Caliburn.Micro Xaml made easy

Caliburn.Micro 3.0.0 released

I’m really pleased to finally announce the release of Caliburn.Micro 3.0.0 after a long period of being in beta. The major features of 3.0.0 are Windows 10 / UWP and Xamarin.Forms support. With this release you can use your view models across all major platforms that support C#!

It’s important to note this is a change in the major versions to there may be breaking changes.

Windows 10

The Windows 10 release follows along with the Windows 8.1 and Windows Phone 8.1 releases and combines them into a single library which is great from a maitenance perspective. If we need to start adding features specific to Phone, Xbox or even HoloLens they’ll be done using feature detection via Windows.Foundation.Metadata.ApiInformation.

It includes conventions for new controls such as SplitView.

Also included is a sample showing how to set up a SplitView style app with the Frame not being the root visual but inside the ShellView, this sample is available at Hello UWP.

We now use the new open sourced XAML Behaviours package.

Windows 8.1

  • Fix for transparent tiles in App Manifest Helper

Windows 8.0

This release drops support for Windows 8.0 (different from Windows 8.1).

Xamarin Forms

This release brings support for Xamarin.Forms which in abstraction layer over the different UIs in iOS, Android and Windows Phone Silverlight (Windows 8 / 10 support coming later). What’s really interesting is that it comes with it’s own XAML syntax (not the same as Windows XAML but very similar), this means we can get a closer to standard Caliburn.Micro experience. I was pleasantly surprised by how much I got ported reasonable easy.

There are some limitations of the Xamarin.Forms flavour of of XAML, primarily there is no programmatic access to x:Name mean we cannot support named based conventions. We can still support attached properties such as cm:Message.Attach as well as convention based view / view model location.

<ListView ItemsSource="{Binding Features}" HasUnevenRows="True"
          cm:Message.Attach="[Event ItemSelected] = [ShowFeature($selectedItem)]">
                <ContentView cm:View.Model="{Binding}" HorizontalOptions="FillAndExpand" VerticalOptions="FillAndExpand"/>

Also included is the now standard navigation service and navigation helper methods

    .WithParam(v => v.ProductId, 42)

A sample of this sort of app is can be found at Hello.Forms in the GitHub repository.

One of the more interesting features here is that Xamarin.Forms runs on top of the existing mobile platform (Xamarin.iOS, Xamarin.Android and Windows Phone Silverlight). This makes it the first version where two different platforms of Caliburn.Micro have to run side by side. We essentially have two instances of ViewModelLocator, one in Caliburn.Micro.ViewModelLocator for the current host platform and one at Caliburn.Micro.Xamarin.Forms.ViewModelLocator if Xamarin.Forms is present.

Xamarin.iOS and Xamarin.Android

This release primarily targets Xamarin.Forms, however work has been done to allow your view models to be reused within a Xamarin.iOS or Xamarin.Android applications with no support around binding or conventions.

These features will be added in later feature releases.

A sample of this sort of app is can be found at Hello.Xamarin in the GitHub repository.

Preserving State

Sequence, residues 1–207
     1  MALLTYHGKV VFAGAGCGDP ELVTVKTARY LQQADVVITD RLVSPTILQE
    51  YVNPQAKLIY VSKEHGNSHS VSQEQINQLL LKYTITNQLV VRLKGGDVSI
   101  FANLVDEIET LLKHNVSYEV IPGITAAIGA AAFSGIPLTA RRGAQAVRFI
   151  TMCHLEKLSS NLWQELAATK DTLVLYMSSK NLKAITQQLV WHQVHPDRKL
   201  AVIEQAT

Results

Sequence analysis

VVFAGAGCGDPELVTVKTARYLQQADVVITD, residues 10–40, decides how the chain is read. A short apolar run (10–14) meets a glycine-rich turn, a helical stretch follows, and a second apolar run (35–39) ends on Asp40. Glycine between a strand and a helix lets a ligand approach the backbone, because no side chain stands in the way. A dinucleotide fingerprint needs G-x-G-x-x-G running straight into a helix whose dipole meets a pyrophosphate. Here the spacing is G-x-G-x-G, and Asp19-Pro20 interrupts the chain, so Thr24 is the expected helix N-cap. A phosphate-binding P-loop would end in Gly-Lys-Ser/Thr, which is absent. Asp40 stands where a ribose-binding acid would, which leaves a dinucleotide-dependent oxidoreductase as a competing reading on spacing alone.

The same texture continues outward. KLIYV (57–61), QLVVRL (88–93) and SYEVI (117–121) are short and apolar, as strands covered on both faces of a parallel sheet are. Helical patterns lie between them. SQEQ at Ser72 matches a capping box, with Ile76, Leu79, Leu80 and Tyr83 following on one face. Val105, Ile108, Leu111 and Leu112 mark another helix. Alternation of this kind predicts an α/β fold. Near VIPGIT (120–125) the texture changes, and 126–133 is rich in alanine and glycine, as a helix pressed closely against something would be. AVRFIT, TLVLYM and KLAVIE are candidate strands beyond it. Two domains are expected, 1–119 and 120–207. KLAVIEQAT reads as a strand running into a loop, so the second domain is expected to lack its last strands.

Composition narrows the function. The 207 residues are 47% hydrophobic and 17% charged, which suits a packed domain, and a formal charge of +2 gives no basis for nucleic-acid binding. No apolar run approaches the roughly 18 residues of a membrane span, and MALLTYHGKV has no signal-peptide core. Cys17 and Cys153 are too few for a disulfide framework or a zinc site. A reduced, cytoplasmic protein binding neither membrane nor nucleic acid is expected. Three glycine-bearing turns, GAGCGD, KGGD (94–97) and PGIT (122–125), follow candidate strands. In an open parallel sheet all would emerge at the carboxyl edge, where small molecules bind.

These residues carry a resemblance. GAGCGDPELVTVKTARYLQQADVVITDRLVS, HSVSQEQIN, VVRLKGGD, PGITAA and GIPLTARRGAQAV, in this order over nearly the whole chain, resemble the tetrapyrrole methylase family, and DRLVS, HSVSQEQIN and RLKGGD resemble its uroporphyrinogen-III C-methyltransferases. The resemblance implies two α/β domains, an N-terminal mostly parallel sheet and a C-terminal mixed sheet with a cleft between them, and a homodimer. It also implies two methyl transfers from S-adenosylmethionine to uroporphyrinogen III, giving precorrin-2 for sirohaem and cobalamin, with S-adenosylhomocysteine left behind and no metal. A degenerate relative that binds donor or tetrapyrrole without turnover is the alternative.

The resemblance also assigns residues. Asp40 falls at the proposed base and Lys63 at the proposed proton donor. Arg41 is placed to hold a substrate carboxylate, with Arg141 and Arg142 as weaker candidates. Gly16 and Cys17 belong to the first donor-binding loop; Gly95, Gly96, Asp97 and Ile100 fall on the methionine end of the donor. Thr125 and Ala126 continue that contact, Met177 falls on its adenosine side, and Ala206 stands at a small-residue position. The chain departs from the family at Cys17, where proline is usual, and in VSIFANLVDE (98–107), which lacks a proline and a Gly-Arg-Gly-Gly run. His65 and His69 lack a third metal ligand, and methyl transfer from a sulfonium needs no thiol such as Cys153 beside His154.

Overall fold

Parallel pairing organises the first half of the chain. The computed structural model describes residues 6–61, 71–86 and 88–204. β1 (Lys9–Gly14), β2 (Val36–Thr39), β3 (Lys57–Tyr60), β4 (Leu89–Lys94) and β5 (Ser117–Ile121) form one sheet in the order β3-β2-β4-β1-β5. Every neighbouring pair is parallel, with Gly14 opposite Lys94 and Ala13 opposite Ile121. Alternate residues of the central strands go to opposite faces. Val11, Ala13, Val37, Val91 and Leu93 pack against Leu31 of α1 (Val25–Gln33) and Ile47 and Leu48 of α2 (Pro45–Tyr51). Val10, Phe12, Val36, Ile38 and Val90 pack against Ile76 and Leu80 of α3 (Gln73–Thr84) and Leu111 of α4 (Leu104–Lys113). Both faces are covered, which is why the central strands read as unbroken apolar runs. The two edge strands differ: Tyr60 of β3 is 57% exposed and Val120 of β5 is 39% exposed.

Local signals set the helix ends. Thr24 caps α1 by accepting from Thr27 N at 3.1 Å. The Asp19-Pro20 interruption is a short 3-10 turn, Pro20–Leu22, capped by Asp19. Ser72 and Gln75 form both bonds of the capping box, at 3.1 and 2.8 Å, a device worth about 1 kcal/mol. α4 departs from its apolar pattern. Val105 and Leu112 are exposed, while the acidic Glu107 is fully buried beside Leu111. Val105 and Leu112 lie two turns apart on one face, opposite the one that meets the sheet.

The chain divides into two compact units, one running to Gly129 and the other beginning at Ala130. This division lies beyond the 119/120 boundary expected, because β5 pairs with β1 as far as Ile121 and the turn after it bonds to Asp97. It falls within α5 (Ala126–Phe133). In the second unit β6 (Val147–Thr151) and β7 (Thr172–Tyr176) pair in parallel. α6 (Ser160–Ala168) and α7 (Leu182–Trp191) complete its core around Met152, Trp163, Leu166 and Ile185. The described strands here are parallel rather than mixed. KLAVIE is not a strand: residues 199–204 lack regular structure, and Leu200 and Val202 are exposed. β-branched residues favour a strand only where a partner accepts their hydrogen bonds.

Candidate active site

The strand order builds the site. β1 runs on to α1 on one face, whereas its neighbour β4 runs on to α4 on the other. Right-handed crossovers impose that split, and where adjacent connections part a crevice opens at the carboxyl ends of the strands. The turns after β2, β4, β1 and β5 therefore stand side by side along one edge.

One new feature in this release is the CachingFrameAdapter. This subclass of FrameAdapter (which implements INavigationService in WinRT platforms such as Windows 8.1, Windows Phone 8.1 and Windows 10) will cache internally view models and reuse them on the appropriate navigation. This allows scenarios where the built in NavigationCacheMode doesn’t make sense but still preserve your view model state. A sample of this in action is available at Caliburn.Micro.State.

Other Changes

  • Resolved a WPF bug using MainWindow when it’s disposed.
  • Resolved ViewLocator.LocateForModelType failing to deal with improperly reused views in WinRT.
  • Resolved a premature garbage collection issue in Action.Invoke.
  • Removed a unnecessary explicate collection in FrameAdapter.
  • BindingScope has been cleaned up a lot so will be easier to extend.
  • Async methods are now taken into account for conventions. CanLogin will be used as a guard for LoginAsync and will be attached to a control with xName="Login".
  • Better handling of scenarios where a root frame is not being used with the navigation service.
  • Removed the case sensitivity when adding custom special values to MessageBinder.
  • Screen.IsActive, Screen.IsInitialised and PropertyChangedBase.IsNotifying are now virtual, we don’t see then behaviour being overriden but a lot apps will need to add their own custom attributes to these properties.

Breaking Changes

  • The extensions projects have moved into the main platform assembly, these were initially created as a place for very platform specific code but they’ve outlived there usefulness and removing them reduces some maintenance costs.
  • Bind.Model had a feature enabling you to pass a string which used IoC to find the model. This was deprecated in 2.0.0 and has now been removed.
  • SimpleContainer now only uses public constructors.
  • The UriFor method has been deprecated in favour of just For given the lack of uri support on a number of platforms.
  • WinRT platforms now make use of AssemblySourceCache which means if your view models do not implement INotifyPropertyChanged or views subclass from UIElement then they may not be found by ViewLocator or ViewModelLocator. This behaviour can be changed by modifying AssemblySourceCache.ExtractTypes.


Thank you to all who have contributed fixes, reported issues and generally feedback on the extended pre-release versions.

As well a bit thanks to Marker Metro who sponsored a lot of the time it took me to put this 3.0.0 release together.